Nursing management remains a critical component in today's healthcare. Due to a wide array of factors, the number of nurse managers is diminishing, and the healthcare industry is scrambling to stop this trend from continuing. Research and surveys have shown that the nurses are generally overworked and stressed because of the interminable nursing shortage that society has been facing for the past century. Researchers aim to discover why the shortage exists in the first place, and must tackle issues about gender stereotyping, financial rewards, as well as respect and recognition. The following articles will mention some of these ideas and reveal that many nurses lack the latter. These concerns also illustrate how effective nurse management can contribute to a better healthcare environment for the nursing staff as well as patient care.
[...] Some progress, as in the Atlanta hospital, has been made, but obviously, the commitment needs to be applied at a national level. It is time to start listening and giving back to the nursing sector, a group that has only selflessly given to others. Bibliography: Lynn, Wieck K. (2005). Nurse Manager Survival in an Age of New Health Care Priorities. Nevada RNformation, pages 1-3. Retrieved 9/23/2007, from http://findarticles.com/p/articles/mi_qa4102/is_200505/ai_n13636411 McGuire, E., Kinnerly, S. (2006). Nurse managers as Transformational and Transactional leaders. Journal of Nursing Economics. Vol 24, (40 pg 179 Parsons, [...]
[...] According to the Nursing Leadership Institute Competency Model, nurse managers should seek personal mastery of specific professional traits. First, they need to be open to receiving feedback on both strengths and weaknesses. Additionally, they should demonstrate positive leadership skills in demanding situations and keep a professional demeanor. Nurse managers also serve as role models for other staff members and should assume responsibility for personal and career goal development. Managers should also be open to continual learning along with expanding their network of professional colleagues both within and without the organization. [...]
[...] Discussing the nursing manager shortage, Lynn Wieck acknowledges that "the role of nurse manager has become more difficult, frustrating, and less satisfying than ever before. (Nevada RNformation, 2005)" First, effective leadership and management remain the key factors for nurses to enjoy a satisfying and productive career path. Unfortunately, the nursing shortage contributes to one large challenge to properly recruit and retain the most qualified nurses. Additionally, "When staff is short, the problem falls squarely on the shoulders of the nurse manager who is expected to cover the unit even though there are inadequate bodies to do so. [...]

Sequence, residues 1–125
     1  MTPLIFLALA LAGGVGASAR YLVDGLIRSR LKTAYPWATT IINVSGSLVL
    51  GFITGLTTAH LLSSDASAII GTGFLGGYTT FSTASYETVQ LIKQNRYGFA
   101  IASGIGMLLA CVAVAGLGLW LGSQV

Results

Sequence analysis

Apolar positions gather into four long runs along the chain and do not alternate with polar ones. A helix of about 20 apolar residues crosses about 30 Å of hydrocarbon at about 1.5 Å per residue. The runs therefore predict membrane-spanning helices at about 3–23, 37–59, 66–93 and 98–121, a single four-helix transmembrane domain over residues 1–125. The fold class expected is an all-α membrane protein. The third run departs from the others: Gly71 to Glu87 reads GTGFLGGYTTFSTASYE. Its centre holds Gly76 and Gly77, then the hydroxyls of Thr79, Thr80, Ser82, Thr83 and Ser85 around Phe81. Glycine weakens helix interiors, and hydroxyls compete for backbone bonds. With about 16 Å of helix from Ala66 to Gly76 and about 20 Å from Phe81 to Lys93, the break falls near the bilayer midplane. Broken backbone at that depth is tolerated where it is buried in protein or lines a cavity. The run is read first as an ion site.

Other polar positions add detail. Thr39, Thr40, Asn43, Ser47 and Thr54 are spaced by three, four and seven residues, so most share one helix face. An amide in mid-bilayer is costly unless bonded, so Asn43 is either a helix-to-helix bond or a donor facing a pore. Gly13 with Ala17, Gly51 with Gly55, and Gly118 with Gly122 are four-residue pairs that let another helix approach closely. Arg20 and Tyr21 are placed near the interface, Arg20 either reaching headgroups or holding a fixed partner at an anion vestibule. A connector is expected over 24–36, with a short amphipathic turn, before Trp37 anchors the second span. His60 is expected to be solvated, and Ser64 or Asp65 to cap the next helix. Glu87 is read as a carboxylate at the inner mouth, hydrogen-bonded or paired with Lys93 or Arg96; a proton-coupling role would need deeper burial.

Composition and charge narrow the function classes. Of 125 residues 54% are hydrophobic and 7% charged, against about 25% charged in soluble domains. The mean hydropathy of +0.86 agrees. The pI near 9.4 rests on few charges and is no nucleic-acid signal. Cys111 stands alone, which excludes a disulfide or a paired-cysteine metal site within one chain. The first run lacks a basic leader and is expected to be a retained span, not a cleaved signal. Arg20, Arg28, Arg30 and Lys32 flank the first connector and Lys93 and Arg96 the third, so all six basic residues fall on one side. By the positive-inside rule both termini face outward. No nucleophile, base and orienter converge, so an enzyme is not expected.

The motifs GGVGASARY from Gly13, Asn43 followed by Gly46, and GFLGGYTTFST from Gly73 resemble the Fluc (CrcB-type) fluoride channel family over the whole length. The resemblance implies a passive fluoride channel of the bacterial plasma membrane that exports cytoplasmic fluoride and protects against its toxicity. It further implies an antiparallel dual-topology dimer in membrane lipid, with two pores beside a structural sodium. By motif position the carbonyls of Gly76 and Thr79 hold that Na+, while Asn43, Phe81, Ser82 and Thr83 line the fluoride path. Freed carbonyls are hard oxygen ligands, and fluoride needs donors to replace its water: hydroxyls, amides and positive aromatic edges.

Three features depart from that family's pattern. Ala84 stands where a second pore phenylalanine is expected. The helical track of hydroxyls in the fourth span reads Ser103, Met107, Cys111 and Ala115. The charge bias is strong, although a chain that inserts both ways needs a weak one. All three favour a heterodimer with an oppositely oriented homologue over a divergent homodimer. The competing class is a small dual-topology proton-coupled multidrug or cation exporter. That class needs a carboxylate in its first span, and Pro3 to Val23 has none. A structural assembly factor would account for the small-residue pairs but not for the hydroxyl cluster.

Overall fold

[...] Not only is the number of nurse management vacancies increasing in the United States, but this trend is evident in other countries as well. The lack of mentoring, extra stress weighs heavily with job dissatisfaction. Those nurse managers who have less stress attribute it to less use of avoidance and defensive coping strategies, and report higher levels of family support. Other nurses have reported that more support from senior administration might help with the challenges as well. All of these articles clearly delineate that nurse managers face significant problems and trials in their careers. [...]
[...] In a Nursing Economics article, SueEllen Pinkerton discusses ways to improve nurse retention based on a study conducted at Northside Hospital in Atlanta, GA. The hospital dispersed a national survey to three teams (Administrative, Education, and Operations) in order to determine what types of changes might raise job satisfaction in nurse managers. Time allocation, the increased need for training and education, and access to administrative support were three areas that were discussed. The operations team founded new ways to strengthen nurse organizational procedures such as new hiring, ensuring competency, and selecting unit preceptors. [...]
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